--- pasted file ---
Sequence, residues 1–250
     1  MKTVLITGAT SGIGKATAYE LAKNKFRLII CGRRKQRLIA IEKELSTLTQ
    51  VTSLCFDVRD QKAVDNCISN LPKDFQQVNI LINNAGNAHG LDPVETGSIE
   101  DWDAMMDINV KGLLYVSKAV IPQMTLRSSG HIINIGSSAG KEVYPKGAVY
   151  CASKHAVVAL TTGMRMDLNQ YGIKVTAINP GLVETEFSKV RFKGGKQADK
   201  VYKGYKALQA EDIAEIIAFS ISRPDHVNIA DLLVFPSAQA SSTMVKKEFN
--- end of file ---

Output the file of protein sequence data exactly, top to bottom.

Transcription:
Sequence, residues 1–250
     1  MKTVLITGAT SGIGKATAYE LAKNKFRLII CGRRKQRLIA IEKELSTLTQ
    51  VTSLCFDVRD QKAVDNCISN LPKDFQQVNI LINNAGNAHG LDPVETGSIE
   101  DWDAMMDINV KGLLYVSKAV IPQMTLRSSG HIINIGSSAG KEVYPKGAVY
   151  CASKHAVVAL TTGMRMDLNQ YGIKVTAINP GLVETEFSKV RFKGGKQADK
   201  VYKGYKALQA EDIAEIIAFS ISRPDHVNIA DLLVFPSAQA SSTMVKKEFN